proteolytic products. In contrast, the N43K mutant shows a
slight decrease in protease sensitivity (Fig. 6). Moreover, the
proteolytic fragmentation patterns of the V38K, V38R, and
V38E peptides differs greatly from those of the wild-type and
N43K peptides. Digestion of these two peptides yields N36/
HR1 (residues 34 to 70) (observed mass, 4,083 Da; expected
mass, 4,082 Da) and C34/HR2 (residues 117 to 150) including
the N-terminal linker Ser-Gly-Gly-Arg-Gly-Gly (observed
mass, 4,788 Da; expected mass, 4,789 Da). Limited proteolysis
of V38K, V38R, and V38E variants generates N7(L6)C22,
spanning residues 64 to 70 (N7) and 117 to 138 (C22) con-
nected by the linker (observed mass, 4,115 Da; expected mass,
4,116 Da). These results indicate that the N-terminal end of
N36/HR1, which contains the charged residue at position 38, is
not properly folded and more susceptible to proteolysis. We
conclude that the T1249 resistance mutations V38K, V38R,
and V38E do not affect the overall formation of the gp41 core
structure but destabilize the six-helix bundle conformation.
In this study, we selected HIV-1 variants resistant to
T1249 in vitro. Interestingly, gp41 amino acid position 38,
implicated in T20 resistance, is also involved in T1249 resis-
tance. Although the interface of the peptide inhibitor with
HR2 is quite large, the resistance mutations primarily appear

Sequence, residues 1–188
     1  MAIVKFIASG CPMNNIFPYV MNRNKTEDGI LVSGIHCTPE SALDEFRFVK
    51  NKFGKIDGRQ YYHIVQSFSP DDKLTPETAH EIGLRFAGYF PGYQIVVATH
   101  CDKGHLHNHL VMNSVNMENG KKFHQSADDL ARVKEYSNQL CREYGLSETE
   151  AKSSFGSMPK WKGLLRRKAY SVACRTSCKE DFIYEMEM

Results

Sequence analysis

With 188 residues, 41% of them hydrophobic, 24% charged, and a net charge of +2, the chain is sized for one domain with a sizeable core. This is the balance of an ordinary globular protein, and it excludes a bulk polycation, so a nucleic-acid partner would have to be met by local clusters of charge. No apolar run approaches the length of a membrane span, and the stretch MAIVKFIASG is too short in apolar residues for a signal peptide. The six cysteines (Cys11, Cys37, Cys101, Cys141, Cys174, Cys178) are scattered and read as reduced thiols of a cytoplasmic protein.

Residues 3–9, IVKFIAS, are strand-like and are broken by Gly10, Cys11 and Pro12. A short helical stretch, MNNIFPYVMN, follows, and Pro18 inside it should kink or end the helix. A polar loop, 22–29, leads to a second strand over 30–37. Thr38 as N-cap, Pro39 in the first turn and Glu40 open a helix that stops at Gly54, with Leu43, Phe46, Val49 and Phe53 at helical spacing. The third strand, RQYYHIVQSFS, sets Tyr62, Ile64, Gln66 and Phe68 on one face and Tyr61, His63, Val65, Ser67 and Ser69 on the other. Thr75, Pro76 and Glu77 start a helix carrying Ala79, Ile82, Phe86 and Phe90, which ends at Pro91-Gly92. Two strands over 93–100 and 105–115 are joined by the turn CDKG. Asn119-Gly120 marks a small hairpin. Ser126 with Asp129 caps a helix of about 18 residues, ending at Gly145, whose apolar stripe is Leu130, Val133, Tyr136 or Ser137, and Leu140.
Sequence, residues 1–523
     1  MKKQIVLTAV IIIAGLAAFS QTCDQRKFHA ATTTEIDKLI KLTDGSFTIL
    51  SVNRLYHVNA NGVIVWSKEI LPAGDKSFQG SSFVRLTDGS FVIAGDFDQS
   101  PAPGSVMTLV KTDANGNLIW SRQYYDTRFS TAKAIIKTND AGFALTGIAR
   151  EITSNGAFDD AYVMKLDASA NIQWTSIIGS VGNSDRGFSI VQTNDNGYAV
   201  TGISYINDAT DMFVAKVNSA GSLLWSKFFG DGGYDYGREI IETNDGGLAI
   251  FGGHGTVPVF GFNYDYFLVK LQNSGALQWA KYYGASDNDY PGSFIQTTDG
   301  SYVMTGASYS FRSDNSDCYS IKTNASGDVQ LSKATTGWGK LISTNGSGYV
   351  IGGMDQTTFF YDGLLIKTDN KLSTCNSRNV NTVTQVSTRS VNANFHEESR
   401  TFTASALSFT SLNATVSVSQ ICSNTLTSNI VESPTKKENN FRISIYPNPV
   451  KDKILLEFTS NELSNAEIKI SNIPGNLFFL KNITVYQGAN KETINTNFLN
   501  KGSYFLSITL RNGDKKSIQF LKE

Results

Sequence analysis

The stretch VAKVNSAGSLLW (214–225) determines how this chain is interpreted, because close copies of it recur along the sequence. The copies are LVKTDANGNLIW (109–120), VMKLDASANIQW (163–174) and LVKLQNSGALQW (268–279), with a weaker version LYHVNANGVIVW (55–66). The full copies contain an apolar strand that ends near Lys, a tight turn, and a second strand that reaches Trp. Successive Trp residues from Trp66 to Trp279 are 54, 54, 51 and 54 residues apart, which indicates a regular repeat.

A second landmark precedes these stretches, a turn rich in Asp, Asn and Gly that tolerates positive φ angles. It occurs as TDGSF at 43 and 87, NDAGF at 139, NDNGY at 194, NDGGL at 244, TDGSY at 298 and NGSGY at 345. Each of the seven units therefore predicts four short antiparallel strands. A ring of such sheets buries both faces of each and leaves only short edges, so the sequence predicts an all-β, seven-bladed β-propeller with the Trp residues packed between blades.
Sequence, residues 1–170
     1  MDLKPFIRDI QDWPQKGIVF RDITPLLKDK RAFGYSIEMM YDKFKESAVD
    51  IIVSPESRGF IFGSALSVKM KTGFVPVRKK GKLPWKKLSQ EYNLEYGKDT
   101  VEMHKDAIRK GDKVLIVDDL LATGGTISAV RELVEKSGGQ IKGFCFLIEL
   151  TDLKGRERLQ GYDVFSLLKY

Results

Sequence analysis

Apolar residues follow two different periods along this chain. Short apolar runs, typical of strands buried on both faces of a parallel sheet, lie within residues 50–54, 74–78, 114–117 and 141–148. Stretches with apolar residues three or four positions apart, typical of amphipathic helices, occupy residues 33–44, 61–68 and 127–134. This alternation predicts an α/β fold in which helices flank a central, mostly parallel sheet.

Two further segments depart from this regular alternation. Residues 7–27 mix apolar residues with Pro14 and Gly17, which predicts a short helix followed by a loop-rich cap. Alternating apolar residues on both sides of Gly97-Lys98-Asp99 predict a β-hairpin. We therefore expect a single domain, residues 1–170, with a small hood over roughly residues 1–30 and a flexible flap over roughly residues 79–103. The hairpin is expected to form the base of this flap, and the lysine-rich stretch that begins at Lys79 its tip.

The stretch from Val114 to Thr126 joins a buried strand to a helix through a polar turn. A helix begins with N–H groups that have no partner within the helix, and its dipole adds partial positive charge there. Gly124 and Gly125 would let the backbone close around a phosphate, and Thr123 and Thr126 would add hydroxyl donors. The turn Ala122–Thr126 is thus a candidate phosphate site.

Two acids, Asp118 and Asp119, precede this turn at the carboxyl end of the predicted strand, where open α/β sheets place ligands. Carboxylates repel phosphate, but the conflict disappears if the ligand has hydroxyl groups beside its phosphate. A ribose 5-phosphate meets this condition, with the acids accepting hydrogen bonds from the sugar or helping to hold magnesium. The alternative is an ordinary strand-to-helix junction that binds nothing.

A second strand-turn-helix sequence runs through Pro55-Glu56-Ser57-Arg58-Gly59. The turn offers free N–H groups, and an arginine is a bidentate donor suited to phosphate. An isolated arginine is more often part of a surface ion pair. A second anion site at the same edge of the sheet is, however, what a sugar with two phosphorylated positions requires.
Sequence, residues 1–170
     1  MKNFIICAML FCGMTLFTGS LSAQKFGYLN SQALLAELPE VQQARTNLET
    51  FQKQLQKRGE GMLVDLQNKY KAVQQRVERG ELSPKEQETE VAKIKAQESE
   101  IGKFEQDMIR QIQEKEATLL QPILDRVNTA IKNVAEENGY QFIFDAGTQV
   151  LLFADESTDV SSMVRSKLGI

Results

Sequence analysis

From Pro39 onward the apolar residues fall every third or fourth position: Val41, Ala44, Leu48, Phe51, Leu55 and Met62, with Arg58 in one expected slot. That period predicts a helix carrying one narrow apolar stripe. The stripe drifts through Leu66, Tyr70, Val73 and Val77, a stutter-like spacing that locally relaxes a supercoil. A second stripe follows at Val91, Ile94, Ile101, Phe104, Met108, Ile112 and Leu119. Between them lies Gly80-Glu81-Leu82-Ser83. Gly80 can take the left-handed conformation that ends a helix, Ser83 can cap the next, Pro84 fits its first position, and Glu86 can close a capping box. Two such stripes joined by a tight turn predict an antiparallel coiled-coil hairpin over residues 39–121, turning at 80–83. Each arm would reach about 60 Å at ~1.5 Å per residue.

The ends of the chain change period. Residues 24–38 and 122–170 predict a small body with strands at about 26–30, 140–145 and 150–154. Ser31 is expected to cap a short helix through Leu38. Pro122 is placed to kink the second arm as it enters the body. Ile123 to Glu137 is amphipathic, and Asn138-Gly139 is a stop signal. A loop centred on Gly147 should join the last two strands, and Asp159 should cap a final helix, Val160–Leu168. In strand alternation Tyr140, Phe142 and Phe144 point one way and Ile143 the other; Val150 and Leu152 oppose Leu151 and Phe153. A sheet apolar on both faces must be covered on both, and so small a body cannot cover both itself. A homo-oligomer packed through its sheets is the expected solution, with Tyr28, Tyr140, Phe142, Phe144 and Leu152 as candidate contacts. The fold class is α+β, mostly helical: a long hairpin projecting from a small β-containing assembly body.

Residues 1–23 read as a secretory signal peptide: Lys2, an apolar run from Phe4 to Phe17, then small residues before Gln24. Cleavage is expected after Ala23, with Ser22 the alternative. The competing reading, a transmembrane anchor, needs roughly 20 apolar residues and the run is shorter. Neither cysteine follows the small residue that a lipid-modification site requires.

at or near position 38. Because of the large contact surface, the
virus can perhaps easily compensate for point mutations, and
therefore mutations at the docking site of the peptide inhibitor
will have a more dramatic impact on peptide binding. The
LLSGIV stretch has been shown to be a critical docking site for
T20 (50), and this may explain the critical role of position 38 in
resistance development. Whereas T20 resistance is mediated
by hydrophobic and noncharged amino acid substitutions at
position 38 in HR1 (V38A, V38G, and V38W), T1249 resis-
tance appears to require charged amino acids (V38E, V38R,
and V38K). These results indicate that T20 and T1249 exhibit
very similar inhibition modes that call for similar but not iden-
tical mechanisms of resistance. T1249 is a more potent inhib-
itor than T20, likely due to its higher HR1 binding affinity. A
different gp41 amino acid substitution (involving charged res-
idues) is apparently needed to prevent T1249 binding as op-
posed to T20 binding. A randomized mutagenesis study that
focused on gp41 residues 37 and 38 previously showed the
importance of residue 38 in T1249 resistance (3, 5, 5a). Our
viral escape study, without an a priori bias for any specific
residue, confirms the importance of residue 38 but also dem-
onstrates that other changes can confer T1249 resistance. Be-
sides mutations at position 38, substitutions at the C terminus
of the HR1 domain (Q79E) and in the loop (K90E) were
found to cause resistance to T1249 as well.
In single-cycle infection experiments, we measured up to
24-fold T1249 resistance for the V38E mutant and lower levels
TABLE 2. Resistance in single cycle infection assaysa
T20 T1249 T2635
Viral resistance (n-fold)IC50(SD)
Viral resistance (n-fold)IC50(SD)
Viral resistance (n-fold)
aData were derived from the experiment whose results are shown in Fig. 4. WT, wild type.
bValues, presented in ng/ml, were calculated as described in Materials and Methods.
6684 EGGINK ET AL. J. VIROL.
FIG. 5. Biophysical characterization of T1249-resistant six-helix bundle variants. (a) Schematic representation of gp41 and the N36(L6)C34